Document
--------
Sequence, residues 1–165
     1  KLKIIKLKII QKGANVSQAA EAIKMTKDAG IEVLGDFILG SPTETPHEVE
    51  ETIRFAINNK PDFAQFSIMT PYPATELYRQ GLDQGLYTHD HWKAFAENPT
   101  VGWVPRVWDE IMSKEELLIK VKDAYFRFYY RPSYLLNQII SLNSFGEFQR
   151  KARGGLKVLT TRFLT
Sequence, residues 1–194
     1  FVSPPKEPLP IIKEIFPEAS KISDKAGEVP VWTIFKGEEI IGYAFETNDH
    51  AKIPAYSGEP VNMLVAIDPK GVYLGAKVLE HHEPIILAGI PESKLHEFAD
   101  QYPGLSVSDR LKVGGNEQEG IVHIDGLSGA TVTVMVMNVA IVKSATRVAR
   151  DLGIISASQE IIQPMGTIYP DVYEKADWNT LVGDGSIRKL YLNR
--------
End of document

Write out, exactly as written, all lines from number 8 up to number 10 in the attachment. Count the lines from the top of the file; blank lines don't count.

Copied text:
    51  AKIPAYSGEP VNMLVAIDPK GVYLGAKVLE HHEPIILAGI PESKLHEFAD
   101  QYPGLSVSDR LKVGGNEQEG IVHIDGLSGA TVTVMVMNVA IVKSATRVAR
   151  DLGIISASQE IIQPMGTIYP DVYEKADWNT LVGDGSIRKL YLNR